Last weekend I hosted an artist open studio for the first time in probably a decade. It was something of a roller coaster experience, and I learned a lot from it, so I thought I’d share it with you!
First of all, in cast you’re wondering, what’s an artist open studio? It’s where an artist literally opens up their studio to the public, with their art on display and for sale.
(Though technically it doesn’t have to be in the artist’s actual studio; if their studio is too small or inconvenient for displaying art, the artist might use an alternate space, and several artists might also join together to display all of their work.)
Often communities will have city-wide or county-wide open studio events, and in my part of the world, Silicon Valley, there’s an open studio event that’s been going on for 30 years: Silicon Valley Open Studios (SVOS for short).
Over 350 artists participated this year, across multiple counties and municipalities, over the course of three weekends. Each artist pays a fee to SVOS, and in exchange we get a listing on the SVOS website, and another listing in free printed catalogs (with maps!) that are distributed all over Silicon Valley. Plus we get ten 18″x 24″ bright, yellow signs to post around our neighborhood.
All of this is background, to give you an idea of what I was up to this weekend.
Although in fact, the work involved stretched well beyond the weekend. Not even counting making the art!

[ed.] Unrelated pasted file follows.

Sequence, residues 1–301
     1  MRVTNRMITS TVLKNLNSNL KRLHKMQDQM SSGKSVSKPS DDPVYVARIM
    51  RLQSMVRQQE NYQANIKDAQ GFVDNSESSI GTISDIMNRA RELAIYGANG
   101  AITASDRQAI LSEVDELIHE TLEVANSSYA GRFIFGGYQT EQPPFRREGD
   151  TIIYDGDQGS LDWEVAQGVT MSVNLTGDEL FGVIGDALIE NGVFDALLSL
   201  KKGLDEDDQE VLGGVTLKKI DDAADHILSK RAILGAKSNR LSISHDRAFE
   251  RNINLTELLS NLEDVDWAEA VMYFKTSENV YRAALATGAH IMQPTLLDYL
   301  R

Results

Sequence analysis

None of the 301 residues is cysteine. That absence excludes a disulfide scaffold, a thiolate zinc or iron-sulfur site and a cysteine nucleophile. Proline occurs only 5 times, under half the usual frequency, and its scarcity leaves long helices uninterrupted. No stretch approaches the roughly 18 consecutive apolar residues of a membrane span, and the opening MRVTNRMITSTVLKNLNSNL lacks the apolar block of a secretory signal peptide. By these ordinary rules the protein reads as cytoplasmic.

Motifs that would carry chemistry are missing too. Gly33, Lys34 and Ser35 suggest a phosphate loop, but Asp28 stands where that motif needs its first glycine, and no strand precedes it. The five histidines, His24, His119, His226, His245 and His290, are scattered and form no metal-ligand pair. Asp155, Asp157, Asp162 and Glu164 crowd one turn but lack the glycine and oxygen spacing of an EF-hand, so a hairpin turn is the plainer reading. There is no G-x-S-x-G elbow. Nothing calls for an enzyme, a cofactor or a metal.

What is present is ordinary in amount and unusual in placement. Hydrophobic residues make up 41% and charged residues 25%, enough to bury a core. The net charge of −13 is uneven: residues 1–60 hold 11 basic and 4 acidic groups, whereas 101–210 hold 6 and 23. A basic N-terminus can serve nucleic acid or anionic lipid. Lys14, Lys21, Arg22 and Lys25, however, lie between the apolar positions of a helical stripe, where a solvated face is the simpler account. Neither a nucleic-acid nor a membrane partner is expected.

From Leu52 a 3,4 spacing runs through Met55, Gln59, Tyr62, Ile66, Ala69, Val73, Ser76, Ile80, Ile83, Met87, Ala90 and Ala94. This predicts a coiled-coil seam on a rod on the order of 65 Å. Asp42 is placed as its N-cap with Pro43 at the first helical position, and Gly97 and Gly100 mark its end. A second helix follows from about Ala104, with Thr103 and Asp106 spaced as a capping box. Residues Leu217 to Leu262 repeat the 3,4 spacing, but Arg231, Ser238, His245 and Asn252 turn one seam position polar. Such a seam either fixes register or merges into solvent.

I had to clean off the display panels that live in my parents’ bike shed (and accumulate rat poop and spiderwebs in between uses..)
Then transport the (heavy) panels to my townhouse…
And figure out how to set them up to display my 170 (yes, 170!) paintings in my little back yard…
And then move everything inside to the living/dining room, when it looked like rain.
Plus I did the following:
- Added hanging hardware to a bunch of paintings
- Made labels for all the art
- Made small signs leading from the street to my unit
- Had all the signs laminated — big and small
- Bought sign stakes to post the large ones around the neighborhood
- Bought snacks and drinks, plates, napkins and cups for my visitors
- Ordered balloons to pick up each morning to tie out front
- Got up early on Saturday to post the big signs around the neighborhood, and took them down after the show ended on Sunday
All of this took hours. And hours.
Then I spent 11:00 am to 5:00 pm on Saturday and Sunday being “on,” welcoming visitors, engaging them in conversation, answering questions, and talking about my process.
It was a helluva lot of work, and though I got a lot of help from my husband (who had no idea what he was in for!) I was utterly wiped out afterwards! But I sold some paintings, and made some lovely connections — including with some people in the neighborhood who may be interested in coming to live workshops!
Honestly, given all the time that went into it, from a purely financial ROI (Return On Investment) perspective, it’s ridiculous. But I’m still really glad I did it, and I’m planning on doing it again next year. (And hoping my customer base grows over time.)
And the best part was noticing how I’ve changed in the past several years.
Particularly how unattached I felt to other people’s responses to my art.
My last visitor of the weekend commented, “Showing all your art like this must be incredibly vulnerable.”
She’s right, of course—it’s super vulnerable, but it actually didn’t feel scary to me.
THIS IS NEW!
When I’ve done open studios before (and I think it’s been at least ten years since the last one), I did feel very vulnerable! I think I felt very anxious about what people thought of my art.